I took Michael Tänzer away from checking passports and drivers licenses to explain to us what's the idea behind is a community driven Certificate Authority that issues certificates to the public at large for free. CAcert's goal is to promote awareness and education on computer security through the use of encryption, specifically with the X.509 family of standards. We have compiled a document base (Wiki) that has helpful hints and tips on setting up encryption with common software, and general information about Public Key Infrastructures (PKI). CAcert Inc. is a non-profit association, incorporated in New South Wales, Australia.


Track name                               : Free Software Song
Performer                                : Fenster
Recorded date                            : 2002
Copyright                                : Copyright (C) 2002, 
Fenster LLC. Verbatim copying of this entire recording is permitted in any medium, 
provided this notice is preserved. 
Paul Robinson (vocals), 
Roman Kravec (guitar), 
Ed D'Angelo (bass), 
Dave Newman (drums), 
Brian Yarbrough (trumpet), 
Tony Moore (trumpet). 
Free software info at speeches at

hpr1446 :: Interview with Fernando H. F. Botelho from the F123 group

Released on 2014-02-17 under a CC-BY-SA license.

In today's show Ken talks to Fernando H. F. Botelho from the F123 group.

The F123 Group, which includes Botelho & Paula Consultoria Empresarial Ltda., F123 Consulting, and F123 Software, designs and manages projects in the areas of poverty reduction, technology, and disability. The group provides NGOs, educational institutions, foundations, government agencies, individuals, and international organizations with project management and technical development services, as well as professional low-cost software and training for blind and visually impaired persons.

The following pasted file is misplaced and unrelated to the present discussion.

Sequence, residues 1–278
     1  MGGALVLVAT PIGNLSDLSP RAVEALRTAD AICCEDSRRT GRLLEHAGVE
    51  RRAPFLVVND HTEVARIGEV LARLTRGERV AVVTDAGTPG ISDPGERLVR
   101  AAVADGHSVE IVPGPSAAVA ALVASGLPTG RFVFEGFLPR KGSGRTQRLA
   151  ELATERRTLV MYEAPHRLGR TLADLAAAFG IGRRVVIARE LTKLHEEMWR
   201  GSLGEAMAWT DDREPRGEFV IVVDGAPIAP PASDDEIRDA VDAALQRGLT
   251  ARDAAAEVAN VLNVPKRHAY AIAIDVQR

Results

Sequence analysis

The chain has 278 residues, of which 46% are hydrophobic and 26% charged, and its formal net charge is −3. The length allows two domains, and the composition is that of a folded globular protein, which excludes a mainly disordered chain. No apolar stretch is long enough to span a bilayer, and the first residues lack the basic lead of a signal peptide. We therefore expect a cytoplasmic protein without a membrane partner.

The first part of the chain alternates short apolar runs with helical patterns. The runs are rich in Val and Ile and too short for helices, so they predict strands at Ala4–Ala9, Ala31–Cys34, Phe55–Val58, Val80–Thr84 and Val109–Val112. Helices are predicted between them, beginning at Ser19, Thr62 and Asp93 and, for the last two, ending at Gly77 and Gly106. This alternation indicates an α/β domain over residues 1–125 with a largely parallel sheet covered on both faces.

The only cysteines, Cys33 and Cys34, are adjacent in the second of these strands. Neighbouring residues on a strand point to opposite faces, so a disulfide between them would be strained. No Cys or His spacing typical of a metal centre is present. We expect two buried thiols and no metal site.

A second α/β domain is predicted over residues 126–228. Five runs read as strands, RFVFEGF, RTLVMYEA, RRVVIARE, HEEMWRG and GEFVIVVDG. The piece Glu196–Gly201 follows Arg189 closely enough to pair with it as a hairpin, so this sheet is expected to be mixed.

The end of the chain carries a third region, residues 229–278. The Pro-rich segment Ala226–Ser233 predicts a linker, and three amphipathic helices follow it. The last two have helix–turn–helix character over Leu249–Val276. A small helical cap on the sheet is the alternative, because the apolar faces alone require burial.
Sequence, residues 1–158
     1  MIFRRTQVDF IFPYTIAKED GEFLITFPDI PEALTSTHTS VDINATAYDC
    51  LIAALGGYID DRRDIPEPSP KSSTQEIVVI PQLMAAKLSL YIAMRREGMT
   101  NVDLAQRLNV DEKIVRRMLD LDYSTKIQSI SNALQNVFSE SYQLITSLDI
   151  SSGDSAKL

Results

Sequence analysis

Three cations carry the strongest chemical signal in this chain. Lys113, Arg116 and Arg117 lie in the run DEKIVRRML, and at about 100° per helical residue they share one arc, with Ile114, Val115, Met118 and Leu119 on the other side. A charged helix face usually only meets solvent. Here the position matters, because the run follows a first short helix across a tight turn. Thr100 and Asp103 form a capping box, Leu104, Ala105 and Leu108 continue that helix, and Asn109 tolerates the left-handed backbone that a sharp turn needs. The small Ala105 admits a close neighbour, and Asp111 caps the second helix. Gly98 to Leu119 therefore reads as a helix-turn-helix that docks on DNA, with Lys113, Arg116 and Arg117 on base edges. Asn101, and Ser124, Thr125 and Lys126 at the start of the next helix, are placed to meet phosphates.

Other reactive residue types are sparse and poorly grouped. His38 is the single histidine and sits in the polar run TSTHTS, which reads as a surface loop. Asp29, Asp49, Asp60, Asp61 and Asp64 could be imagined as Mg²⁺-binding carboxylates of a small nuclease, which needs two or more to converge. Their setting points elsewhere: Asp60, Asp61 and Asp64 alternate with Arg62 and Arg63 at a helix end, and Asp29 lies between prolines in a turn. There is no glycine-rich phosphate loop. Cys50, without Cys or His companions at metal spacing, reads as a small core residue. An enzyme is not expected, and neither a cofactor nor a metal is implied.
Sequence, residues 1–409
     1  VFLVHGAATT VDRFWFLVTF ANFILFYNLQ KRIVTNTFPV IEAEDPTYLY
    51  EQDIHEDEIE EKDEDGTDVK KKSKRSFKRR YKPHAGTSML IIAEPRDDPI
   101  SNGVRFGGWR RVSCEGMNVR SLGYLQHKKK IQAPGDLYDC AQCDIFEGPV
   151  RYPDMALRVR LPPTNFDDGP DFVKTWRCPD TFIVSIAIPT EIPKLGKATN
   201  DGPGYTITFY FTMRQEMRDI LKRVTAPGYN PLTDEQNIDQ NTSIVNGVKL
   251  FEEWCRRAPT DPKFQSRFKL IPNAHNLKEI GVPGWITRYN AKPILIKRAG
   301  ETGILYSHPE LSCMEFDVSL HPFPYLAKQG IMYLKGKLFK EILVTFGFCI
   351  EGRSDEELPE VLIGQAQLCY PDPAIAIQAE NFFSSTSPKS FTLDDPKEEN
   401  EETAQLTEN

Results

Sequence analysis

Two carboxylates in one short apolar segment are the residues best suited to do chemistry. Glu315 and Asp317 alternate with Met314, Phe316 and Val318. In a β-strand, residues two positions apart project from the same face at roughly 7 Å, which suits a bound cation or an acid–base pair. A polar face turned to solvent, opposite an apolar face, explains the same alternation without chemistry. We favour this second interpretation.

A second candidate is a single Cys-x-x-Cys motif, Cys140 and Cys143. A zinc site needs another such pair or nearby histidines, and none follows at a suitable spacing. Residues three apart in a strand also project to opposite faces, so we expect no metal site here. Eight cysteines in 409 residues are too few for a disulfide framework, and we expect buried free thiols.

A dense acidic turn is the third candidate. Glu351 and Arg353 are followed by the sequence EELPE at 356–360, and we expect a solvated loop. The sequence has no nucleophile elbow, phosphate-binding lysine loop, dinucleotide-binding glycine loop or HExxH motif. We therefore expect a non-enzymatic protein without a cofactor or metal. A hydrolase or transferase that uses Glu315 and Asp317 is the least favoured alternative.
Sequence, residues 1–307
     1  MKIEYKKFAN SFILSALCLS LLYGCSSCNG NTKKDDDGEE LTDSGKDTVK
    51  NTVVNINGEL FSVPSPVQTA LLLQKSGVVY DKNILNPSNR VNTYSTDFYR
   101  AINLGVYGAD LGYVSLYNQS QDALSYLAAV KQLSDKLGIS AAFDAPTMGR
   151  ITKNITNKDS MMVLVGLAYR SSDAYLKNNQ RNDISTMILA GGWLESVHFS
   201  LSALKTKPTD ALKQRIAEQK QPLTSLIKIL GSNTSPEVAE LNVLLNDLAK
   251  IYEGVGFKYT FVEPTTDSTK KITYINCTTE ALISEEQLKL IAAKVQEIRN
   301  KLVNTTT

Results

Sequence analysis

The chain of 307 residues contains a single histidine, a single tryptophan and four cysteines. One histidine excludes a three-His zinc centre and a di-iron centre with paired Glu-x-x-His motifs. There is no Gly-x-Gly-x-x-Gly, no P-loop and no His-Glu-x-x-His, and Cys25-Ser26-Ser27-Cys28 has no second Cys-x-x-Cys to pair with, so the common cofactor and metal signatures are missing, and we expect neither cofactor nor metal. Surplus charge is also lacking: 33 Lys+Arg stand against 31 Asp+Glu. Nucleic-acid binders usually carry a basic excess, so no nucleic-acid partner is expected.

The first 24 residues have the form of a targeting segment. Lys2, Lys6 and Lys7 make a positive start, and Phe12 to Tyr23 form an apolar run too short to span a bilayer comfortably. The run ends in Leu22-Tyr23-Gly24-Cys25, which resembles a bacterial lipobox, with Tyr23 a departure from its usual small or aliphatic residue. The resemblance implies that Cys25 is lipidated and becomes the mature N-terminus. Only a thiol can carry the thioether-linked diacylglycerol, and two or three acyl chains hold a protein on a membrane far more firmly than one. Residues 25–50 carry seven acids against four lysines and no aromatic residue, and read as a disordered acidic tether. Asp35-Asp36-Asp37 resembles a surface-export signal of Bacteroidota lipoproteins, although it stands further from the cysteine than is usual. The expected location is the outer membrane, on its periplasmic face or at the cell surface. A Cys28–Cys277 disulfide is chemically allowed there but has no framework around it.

During the discussion we discuss the different approaches to helping accessibility on Linux. You can email them on, or by following them on twitter:


hpr1430 :: download script

Released on 2014-01-24 under a CC-BY-SA license.

In episode "Thu 2013-12-19: hpr1404 Editing pre-recorded audio in Audacity" I walked you through editing a podcast, by the magic of editing this is been posted after the other show has aired. The plan here is to get people to share their useful hacks to show how elegant, or in my case ugly, code can be. As Knightwise says "Getting technology to work for you."™
Feel free to share your own hacks with us.

# Downloads videos from youtube based on selection from
# (c) Ken Fallon
# Released under the CC-0

savedir="${savepath}/$(\date -u +%Y-%m-%d_%H-%M-%SZ_%A)"
mkdir -p ${savedir}

# Gather the list
seq 1 ${maxtodownload} | while read videopage;
  thisvideolist=$(wget --quiet "${videopage}" -O - | 
  grep '' | 
  sed 's#^.*' | 
  awk -F '"|?' '{print ""$1}')
  for thisvideo in $(echo $thisvideolist);
    if [ "$( grep "${thisvideo}" "${logfile}" | wc -l )" -eq 0 ];
      echo "Found the new video ${thisvideo}"
      echo ${thisvideo} >> ${logfile}_todo
      echo "Already downloaded ${thisvideo}"

# Download the list
if [ -e ${logfile}_todo ];
  tac ${logfile}_todo | youtube-dl --batch-file - --ignore-errors --no-mtime --restrict-filenames \